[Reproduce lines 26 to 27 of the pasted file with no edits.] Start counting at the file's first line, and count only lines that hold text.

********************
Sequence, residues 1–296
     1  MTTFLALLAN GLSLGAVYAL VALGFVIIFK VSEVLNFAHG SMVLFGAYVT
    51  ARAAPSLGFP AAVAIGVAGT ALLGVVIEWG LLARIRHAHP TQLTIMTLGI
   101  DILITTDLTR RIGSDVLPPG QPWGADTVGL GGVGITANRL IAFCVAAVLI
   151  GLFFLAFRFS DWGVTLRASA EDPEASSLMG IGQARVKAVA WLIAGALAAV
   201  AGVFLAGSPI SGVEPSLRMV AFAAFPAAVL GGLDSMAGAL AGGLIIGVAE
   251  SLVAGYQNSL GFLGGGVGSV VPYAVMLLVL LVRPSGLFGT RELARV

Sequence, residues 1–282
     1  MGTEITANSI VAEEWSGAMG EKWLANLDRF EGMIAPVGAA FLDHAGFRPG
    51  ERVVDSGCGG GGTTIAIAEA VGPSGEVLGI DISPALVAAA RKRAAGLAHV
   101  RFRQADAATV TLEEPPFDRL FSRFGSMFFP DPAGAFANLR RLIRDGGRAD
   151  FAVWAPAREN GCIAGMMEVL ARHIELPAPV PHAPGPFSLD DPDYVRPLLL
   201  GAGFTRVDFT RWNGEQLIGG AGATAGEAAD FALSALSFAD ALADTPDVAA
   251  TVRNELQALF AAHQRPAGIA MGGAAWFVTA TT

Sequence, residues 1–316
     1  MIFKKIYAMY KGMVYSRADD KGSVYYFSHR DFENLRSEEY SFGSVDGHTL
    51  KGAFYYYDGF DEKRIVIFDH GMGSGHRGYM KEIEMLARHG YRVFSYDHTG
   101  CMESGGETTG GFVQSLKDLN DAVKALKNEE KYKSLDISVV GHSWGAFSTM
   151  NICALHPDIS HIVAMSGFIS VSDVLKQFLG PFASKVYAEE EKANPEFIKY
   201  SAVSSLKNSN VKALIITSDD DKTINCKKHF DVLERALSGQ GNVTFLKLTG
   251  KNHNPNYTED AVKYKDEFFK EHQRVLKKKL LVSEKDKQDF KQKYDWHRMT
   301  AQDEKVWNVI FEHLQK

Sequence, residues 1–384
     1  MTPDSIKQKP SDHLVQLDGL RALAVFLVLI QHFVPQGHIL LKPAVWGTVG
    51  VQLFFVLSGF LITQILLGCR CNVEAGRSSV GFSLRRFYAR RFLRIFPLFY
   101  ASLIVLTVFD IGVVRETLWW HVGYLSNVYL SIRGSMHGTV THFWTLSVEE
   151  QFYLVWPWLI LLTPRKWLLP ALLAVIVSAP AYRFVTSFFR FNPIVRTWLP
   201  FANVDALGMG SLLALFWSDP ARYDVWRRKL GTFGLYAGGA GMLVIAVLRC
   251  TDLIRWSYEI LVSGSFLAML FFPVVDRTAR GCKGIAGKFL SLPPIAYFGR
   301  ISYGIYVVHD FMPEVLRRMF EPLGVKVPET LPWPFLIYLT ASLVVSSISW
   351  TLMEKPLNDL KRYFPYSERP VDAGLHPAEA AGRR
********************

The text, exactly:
   101  ASLIVLTVFD IGVVRETLWW HVGYLSNVYL SIRGSMHGTV THFWTLSVEE
   151  QFYLVWPWLI LLTPRKWLLP ALLAVIVSAP AYRFVTSFFR FNPIVRTWLP